Category Archive: Insights
In her third collaboration with Sigma Design Company, ceramics artist Rebecca Manson created “Crowded Bed”, a landscape sculpture featuring a riot of delicate, ceramic flowers balanced upon graceful, metal branches made from tubular stainless steel. Each stem was torched, twisted, and arched to replicate its fluidity in nature. Every flower was hand crafted by Manson, with each one displaying amazing botanical detail. Working with Sigma Design Company’s fabrication team, the artist spent hours placing over 300 delicate ceramic blossoms on the stems. The team worked on creating a sense of movement within the sculpture, replicating the way plants will move with a breeze or turn toward the sun.
The sculpture was a custom creation for the winery, Donum Estate in Sonoma, California, The prestigious Donum Collection is one of the world’s largest accessible private sculpture collections.
Manson worked with the landscape architects at Donum to build a fluid relationship between its context (the cutting garden) and the sculpture. Donum is all about bringing together wine, nature, and art. “The wine enhances the art, the art enhances the wine, with nature being the backbone of the whole experience. To me this piece is all about the senses, and Donum is truly the perfect home for it”, says Manson.
So how does an artist get from concept to fabrication? Manson called Sigma Design Company. When asked how working with Sigma helped her overall practice as an artist, Manson replied, “It’s been an incredibly rewarding collaboration. It’s liberating and empowering to incorporate logic and scientific thinking into my practice. Mystery can lead to anxiety when I’m figuring out new things, sometimes. Sigma helps me to unlock the mysteries and therefore feel much more in control.”
Creating enough structural strength without sacrificing movement was an artistic and engineering challenge. Continuous testing of the stems; their geometry, and their ability to hold varying weights of blooms was one such ‘mystery’ that Sigma Design Company was able to solve for the artist.
From industrial design to art fabrication, let Sigma Design Company be your one stop engineering design and fabrication partner!
Links to 2 other projects by the artist:
‘Come Closer’ Arriving in Tribeca Park
Gutter, 2021 by Rebecca Manson
Sigma Design Company has extensive experience in designing, developing, optimizing, and manufacturing equipment for clients in the demanding Ag-tech and Food Processing industries. Whether you are looking for a solution aimed at the fast-growing ag-tech indoor vertical farms sector, or developing a product for the food processing industry, Sigma will leverage our years of experience to take your concept from an idea to finished product – on time and on budget.
Sigma Design collaborated with a multinational food and beverage giant to develop a nutrient dosing system for their newly developed indoor hydroponic agriculture farm. We used our extensive background in fluid handling systems across many industries to perfect a water and nutrient dosing system in a well-packaged and well-engineered skid to fit the final dimensional layout required at their facilities. Pumps were selected after Sigma Design reviewed components suggested by our customer; our background helped us optimize some components to better fit expected operating conditions. Services Performed: Fluid handling skid design, component selection and optimization, metal fabrication, hydrostatic pressure testing, design optimization.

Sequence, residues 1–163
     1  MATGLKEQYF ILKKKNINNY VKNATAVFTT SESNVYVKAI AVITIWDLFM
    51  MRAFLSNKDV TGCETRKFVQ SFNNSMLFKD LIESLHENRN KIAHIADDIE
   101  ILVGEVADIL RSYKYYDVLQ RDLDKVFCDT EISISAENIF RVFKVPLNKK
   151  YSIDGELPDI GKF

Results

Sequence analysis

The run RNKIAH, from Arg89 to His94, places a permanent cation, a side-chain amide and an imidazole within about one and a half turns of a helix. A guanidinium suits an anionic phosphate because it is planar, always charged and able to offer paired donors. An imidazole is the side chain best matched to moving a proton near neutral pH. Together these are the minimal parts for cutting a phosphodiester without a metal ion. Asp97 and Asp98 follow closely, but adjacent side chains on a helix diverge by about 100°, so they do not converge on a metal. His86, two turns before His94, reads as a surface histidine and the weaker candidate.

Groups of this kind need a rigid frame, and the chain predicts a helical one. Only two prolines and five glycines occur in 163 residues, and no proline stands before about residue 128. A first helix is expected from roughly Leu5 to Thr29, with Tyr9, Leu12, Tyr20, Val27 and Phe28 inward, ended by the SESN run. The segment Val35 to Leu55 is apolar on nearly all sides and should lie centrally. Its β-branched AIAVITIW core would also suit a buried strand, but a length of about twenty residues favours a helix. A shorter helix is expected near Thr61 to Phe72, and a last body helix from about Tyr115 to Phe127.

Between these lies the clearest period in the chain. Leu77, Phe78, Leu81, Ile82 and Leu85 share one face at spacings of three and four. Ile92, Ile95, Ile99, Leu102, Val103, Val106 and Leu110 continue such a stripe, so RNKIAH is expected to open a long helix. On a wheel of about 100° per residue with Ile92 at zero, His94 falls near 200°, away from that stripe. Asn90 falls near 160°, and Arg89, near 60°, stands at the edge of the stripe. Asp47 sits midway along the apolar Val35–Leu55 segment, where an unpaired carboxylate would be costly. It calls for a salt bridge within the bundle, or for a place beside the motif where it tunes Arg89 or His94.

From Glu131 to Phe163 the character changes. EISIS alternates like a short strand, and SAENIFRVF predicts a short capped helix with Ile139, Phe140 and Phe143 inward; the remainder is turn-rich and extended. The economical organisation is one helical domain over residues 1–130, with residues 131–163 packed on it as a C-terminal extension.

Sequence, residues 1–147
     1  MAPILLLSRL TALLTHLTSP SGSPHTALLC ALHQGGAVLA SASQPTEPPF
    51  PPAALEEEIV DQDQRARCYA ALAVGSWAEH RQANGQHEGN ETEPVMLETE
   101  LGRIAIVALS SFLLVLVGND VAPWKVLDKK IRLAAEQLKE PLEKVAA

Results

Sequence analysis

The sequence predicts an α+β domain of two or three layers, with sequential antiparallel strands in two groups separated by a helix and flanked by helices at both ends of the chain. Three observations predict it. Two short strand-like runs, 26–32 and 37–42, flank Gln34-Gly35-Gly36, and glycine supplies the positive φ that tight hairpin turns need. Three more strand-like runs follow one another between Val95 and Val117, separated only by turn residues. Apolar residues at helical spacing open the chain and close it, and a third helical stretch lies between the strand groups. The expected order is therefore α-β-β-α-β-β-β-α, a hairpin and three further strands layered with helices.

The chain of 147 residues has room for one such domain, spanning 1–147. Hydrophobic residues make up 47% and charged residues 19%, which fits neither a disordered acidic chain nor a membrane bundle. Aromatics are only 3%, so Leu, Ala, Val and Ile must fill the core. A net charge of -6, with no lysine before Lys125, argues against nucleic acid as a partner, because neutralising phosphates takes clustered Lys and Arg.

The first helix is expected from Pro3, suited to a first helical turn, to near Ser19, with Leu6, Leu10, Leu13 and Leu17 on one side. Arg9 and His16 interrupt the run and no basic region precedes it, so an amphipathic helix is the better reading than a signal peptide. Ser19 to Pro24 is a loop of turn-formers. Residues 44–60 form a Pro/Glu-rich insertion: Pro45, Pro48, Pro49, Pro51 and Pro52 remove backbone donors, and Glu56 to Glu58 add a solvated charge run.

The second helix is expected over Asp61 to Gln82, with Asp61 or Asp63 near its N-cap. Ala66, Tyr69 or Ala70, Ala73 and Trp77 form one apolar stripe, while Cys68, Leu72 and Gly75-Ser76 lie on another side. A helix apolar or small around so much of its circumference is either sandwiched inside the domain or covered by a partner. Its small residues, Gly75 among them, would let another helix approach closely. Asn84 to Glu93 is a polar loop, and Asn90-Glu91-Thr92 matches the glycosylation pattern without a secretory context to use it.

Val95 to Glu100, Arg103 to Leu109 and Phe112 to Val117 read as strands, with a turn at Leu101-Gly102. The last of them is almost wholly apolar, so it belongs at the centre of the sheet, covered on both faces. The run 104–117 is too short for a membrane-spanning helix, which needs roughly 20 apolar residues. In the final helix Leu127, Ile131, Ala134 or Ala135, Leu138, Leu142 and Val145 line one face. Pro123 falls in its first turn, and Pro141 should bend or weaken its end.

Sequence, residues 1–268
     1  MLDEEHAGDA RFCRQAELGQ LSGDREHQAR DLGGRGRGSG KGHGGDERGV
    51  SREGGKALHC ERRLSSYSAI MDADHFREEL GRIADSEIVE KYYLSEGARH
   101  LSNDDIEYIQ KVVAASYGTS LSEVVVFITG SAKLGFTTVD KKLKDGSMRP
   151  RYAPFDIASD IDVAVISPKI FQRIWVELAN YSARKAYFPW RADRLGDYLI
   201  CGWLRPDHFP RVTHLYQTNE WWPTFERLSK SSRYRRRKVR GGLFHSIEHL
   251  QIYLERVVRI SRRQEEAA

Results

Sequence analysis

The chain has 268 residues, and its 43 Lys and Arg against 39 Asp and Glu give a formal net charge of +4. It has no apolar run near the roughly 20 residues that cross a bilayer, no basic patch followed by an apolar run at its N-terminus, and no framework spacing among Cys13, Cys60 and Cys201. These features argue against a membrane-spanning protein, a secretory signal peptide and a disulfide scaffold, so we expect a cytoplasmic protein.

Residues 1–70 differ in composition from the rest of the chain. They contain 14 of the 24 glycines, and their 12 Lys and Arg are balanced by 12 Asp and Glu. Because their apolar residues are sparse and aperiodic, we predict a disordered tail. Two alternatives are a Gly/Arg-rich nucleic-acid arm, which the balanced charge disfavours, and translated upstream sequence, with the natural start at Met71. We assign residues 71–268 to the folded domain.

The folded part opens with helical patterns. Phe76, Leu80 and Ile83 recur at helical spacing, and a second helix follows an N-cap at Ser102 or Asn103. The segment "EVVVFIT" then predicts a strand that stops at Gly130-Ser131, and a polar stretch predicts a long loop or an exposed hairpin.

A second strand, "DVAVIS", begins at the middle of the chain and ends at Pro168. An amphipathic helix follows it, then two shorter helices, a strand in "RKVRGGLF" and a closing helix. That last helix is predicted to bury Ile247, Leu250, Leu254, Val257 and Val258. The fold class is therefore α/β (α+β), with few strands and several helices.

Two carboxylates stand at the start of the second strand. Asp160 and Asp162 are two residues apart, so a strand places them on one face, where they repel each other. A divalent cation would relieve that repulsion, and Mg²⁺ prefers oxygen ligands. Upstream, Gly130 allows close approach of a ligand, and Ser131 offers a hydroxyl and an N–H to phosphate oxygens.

When you are developing new products, details matter. That’s when you might need a team of professionals to help. At Sigma Design Company, a One-Stop Design, Engineering, and Manufacturing resource, we are known for precision in the fabrication of new products. One glance at our well-equipped welding workspace or the machining station tells the story of our commitment to precision, quality, and working through those challenging details. With over 1,000 completed projects, we have assembled a team with a wide variety of skills and competencies. We’re told that it is the variety of projects that keeps the work interesting to our team, and with that interest comes creativity. Our customers rely on that creativity to forge solutions to their product challenges.
We recognize that interesting, creative work must also be supported by training and investments in technology. We have invested in training and certifying our welding team. Our welders are AWS and ASME certified for GTAW, SMAW, GMAW welding of aluminum, stainless steel, and carbon steel. Recently Sigma invested in updating its welding technologies in order to produce high end fabricated products for our customers.
To see the results of our investments in action, please view the following fabrication video. The careful application of honed skills and a look at the final product are worth watching until the end!
Novel, new products are conceived, designed, engineered, and manufactured – right here in the USA – at Sigma Design Company’s 20,000 sq ft. corporate, state of the art facility in Middlesex, New Jersey.
We can hammer out your details today! Let’s talk!
NJ Manufacturers Continue to Look for Ways to Compete Across the Globe Despite Challenges New and Old.
By Jim Pytell, Managing Editor • From the March 2022 issue of New Jersey Business Magazine
The manufacturing industry has deep historical roots that run throughout New Jersey. In fact, while it is known as the Garden State, New Jersey is actually home to what was the first planned industrial city in America: Paterson. As such, the state played a key role in the start of the American Industrial Revolution, and to this day, manufacturing is still a vital part of New Jersey’s economic prowess.